What is it that makes Wingspan from Stonemaier games so popular? In 2019 it was winning almost every category of gaming prizes. It was the “go-to” game of the year and its popularity remains. The European expansion brought new birds, but it is the Oceania expansion that, for me, held the most promise. Read on if you feel this game should spread its wings and venture down under.
From the outset, this is an expansion. You still need the base game to play, but as expansions go this has all the ingredients you might want. Just one look at the box cover and the dusky orange colour brings back memories of travelling in the Outback. The kookaburra in flight on the front is a lovely example of Natalia Rojas’ superb artwork. Part of the appeal of Wingspan as a whole is the stunning clarity of the birds. Oceania allows the wonderful diversity of birds from down under to be shown to the full.
Oceania has a few antipodean quirks in play. Stonemaier has given five new player boards, identical in size and quality to the standard Wingspan boards. However, look closely, and they have a few subtle changes. The three habitats remain but now players can use some of their food stuffs to gain extra cards or actions. The key to this is the nectar. Not Toohey’s or Castlemaine XXXX but the syrupy sap from trees and flowers. Many of the birds down under rely on the nectar for food and the trees and plants rely on the birds for pollination. New food types mean that new dice are needed.
The Oceania expansion gives players five new dice to be used in place of the standard dice. These give the opportunity for nectar to be collected alongside the standard bird foods. Some of the dice faces still give choices and the rules governing the rolling of the dice and the bird feeder are unchanged. The nectar can act as a “wild” foodstuff, allowing players to place birds even if a specific food is not present. However, at the end of each of the four rounds, any unspent nectar in a player’s personal food supply is removed.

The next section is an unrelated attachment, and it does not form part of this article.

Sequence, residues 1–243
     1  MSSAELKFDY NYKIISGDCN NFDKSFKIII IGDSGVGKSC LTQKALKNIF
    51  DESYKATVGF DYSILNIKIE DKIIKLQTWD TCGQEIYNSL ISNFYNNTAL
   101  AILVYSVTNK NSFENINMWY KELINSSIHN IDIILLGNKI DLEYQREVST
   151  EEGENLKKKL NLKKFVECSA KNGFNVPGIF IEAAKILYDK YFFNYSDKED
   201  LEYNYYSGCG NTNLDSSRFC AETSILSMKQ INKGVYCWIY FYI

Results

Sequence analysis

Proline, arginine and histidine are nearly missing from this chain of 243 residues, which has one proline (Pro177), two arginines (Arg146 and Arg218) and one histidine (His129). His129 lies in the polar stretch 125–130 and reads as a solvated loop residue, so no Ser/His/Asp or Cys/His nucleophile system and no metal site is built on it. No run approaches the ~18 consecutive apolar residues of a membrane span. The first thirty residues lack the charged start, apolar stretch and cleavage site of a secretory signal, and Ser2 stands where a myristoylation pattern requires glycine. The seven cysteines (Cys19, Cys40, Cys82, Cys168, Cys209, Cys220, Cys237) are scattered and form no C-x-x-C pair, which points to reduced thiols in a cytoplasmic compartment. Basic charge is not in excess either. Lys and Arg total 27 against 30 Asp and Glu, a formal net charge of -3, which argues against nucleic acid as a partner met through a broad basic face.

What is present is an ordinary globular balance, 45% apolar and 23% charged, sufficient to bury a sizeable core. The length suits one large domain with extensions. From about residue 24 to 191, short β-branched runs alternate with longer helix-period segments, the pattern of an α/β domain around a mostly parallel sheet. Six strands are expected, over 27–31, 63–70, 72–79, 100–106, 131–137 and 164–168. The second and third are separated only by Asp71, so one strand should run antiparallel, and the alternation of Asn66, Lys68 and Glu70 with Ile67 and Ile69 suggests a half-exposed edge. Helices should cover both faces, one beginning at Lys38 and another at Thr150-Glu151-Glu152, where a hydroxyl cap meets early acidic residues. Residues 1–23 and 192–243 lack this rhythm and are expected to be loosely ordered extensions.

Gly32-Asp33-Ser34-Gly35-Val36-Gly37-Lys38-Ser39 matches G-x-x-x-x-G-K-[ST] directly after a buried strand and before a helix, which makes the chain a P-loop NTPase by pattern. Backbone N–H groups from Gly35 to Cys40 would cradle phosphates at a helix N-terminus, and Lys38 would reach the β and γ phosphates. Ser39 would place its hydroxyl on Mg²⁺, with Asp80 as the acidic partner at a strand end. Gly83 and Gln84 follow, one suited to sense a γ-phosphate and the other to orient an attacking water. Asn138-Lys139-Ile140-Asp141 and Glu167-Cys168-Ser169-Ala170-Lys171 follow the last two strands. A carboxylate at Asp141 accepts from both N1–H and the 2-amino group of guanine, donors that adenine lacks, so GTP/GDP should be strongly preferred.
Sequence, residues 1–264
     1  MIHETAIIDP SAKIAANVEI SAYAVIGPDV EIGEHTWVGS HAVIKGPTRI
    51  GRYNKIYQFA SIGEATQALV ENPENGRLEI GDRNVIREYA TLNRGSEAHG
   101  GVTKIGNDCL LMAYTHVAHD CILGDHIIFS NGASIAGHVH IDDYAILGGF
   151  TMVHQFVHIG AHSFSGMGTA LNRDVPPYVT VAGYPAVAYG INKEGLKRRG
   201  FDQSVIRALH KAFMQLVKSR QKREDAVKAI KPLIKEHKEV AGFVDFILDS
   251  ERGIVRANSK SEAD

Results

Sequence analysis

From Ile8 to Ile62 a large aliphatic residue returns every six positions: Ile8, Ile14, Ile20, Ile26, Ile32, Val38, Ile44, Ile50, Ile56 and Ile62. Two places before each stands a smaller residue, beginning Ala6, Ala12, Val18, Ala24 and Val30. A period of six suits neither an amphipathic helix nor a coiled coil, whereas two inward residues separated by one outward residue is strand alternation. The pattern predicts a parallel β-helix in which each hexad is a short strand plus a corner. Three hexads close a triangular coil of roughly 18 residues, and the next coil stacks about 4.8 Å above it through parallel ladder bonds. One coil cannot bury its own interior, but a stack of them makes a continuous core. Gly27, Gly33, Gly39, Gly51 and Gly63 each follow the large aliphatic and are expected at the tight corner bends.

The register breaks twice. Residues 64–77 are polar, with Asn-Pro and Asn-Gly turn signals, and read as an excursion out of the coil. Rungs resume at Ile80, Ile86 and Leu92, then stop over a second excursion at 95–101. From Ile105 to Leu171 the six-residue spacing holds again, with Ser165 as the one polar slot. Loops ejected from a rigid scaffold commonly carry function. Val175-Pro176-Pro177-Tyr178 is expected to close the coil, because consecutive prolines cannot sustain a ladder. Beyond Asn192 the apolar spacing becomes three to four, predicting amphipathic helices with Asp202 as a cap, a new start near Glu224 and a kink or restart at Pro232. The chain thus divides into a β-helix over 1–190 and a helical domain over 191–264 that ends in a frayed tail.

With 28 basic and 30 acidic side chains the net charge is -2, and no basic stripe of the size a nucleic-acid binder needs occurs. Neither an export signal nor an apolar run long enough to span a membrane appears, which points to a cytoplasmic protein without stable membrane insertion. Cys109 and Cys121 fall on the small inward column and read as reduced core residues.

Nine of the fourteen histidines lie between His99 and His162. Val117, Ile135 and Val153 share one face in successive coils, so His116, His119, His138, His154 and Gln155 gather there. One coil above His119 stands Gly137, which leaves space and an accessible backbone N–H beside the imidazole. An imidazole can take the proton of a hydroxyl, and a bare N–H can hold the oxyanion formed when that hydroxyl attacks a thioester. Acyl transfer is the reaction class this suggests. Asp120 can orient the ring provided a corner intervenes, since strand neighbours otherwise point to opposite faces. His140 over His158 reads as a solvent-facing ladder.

Nectar has other uses too. The new player board has a spent nectar space on each habitat. At the end of the game, the “spent” nectar that has accumulated here will allow a bonus of five points (for the first player) or two points (for the second player). You can spend nectar to place it on these spaces either by; using it as a bird food cost, using it for the wild icon for bird ability, or using nectar to pay for an upgrade. This is a new part of the Oceania expansion where the nectar might be used to reset the bird feeder or card tray or to gain additional eggs or cards.
The Oceania expansion gives extra bird cards, five bonus cards and more end of round goal tiles. The 95 bird cards may be shuffled into the base game and even used alongside the European expansion if present. They are identified from the other cards by a small OE in the bottom corner if they need to be separated from the other decks at a later stage. We have found that with a two or three-player game, these 95 Oceania-specific birds are sufficient for a normal game without even needing their American or European cousins. This gives us ample opportunity to enjoy the amazing artwork and ensure that the birds are seen and used, rather than diluted in the standard game.